Now THAT’s a revolution. And I don’t want to miss what comes next.

  1. And it’s all true! Great writeup, James, and fun revisiting that glorious day-and-a-half. Hope to see you at CCS again soon — in the meantime, the revolution continues…

  2. Sounds magnificent.
    My 16-yr-old son has the drawing bug, (he’s already much better in many ways than I was at his age) and while he’s not sure at this point whether he wants to go into comics or animation, I have a hunch that in a couple more years or so I’m going to be looking very closely at CCS.

  3. I was reading comics in the eighties when we blew our first chance at becoming mainstream pop culture but this time we’re doing it right. Things like this and the varied press coverage the medium is receiving, people like Scott McCloud and James Sturm who are such great ambassadors for the medium, the popularity of manga and the growing number of post manga creators. It could really happen this time.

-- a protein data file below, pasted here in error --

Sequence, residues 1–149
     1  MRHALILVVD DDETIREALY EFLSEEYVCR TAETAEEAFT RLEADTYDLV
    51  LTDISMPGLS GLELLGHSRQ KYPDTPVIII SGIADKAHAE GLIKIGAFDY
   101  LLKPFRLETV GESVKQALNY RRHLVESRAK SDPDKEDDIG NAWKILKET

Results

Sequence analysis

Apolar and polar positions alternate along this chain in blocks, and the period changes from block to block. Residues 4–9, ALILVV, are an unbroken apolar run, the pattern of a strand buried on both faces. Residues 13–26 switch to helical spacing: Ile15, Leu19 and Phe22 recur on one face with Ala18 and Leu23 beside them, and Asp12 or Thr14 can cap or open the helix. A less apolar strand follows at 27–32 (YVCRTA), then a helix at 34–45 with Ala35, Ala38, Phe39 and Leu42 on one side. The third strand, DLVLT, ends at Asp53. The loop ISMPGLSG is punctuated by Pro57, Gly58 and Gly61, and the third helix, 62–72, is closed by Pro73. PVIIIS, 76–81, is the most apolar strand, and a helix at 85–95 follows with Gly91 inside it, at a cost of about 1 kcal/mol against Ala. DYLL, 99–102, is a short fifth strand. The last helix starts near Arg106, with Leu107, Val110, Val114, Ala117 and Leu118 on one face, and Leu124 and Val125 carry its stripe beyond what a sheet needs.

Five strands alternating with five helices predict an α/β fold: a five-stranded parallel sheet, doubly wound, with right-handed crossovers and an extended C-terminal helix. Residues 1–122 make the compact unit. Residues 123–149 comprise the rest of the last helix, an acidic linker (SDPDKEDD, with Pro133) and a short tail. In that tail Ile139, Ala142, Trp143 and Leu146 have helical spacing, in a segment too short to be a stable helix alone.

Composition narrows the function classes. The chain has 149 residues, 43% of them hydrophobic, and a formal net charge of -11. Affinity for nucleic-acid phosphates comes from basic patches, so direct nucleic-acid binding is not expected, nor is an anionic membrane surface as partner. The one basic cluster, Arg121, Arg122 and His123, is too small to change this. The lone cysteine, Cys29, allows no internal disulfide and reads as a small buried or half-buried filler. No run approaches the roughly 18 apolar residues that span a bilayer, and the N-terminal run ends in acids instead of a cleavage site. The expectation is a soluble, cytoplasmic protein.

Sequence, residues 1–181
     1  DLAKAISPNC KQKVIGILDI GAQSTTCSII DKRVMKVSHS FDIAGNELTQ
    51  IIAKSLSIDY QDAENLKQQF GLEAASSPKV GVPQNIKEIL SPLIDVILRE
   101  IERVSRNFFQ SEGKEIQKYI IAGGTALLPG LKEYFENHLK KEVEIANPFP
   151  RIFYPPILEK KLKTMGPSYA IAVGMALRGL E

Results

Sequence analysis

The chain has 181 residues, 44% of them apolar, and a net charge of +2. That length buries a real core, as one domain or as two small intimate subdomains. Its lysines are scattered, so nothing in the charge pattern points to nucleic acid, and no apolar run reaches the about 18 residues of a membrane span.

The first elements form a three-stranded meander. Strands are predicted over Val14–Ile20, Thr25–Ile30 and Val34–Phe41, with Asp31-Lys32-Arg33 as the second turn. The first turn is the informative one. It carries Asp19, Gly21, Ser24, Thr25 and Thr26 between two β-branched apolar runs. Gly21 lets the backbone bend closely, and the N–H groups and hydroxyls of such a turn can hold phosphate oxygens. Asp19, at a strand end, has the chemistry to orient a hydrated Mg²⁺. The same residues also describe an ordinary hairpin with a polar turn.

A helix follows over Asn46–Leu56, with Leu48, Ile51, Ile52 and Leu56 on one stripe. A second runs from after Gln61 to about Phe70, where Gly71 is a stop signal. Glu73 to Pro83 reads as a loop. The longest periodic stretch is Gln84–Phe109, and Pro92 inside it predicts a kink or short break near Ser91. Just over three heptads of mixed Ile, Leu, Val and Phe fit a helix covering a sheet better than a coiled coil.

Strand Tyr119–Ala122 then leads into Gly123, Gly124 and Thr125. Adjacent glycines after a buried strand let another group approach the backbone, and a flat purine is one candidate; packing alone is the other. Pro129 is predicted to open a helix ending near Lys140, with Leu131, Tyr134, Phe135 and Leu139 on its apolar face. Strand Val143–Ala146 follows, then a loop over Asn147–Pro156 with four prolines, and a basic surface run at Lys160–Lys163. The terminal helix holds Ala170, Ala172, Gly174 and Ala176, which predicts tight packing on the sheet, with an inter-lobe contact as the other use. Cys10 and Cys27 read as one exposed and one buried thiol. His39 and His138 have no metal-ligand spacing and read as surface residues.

Nice report from James by the way and thanks for posting it.

  4. Scott, the past two summers the school has done a week long summer program for kids 16 and older if your son wants to check that out. (I assume we’ll be doing it next summer too.) We get some amazingly talented kids in that group too.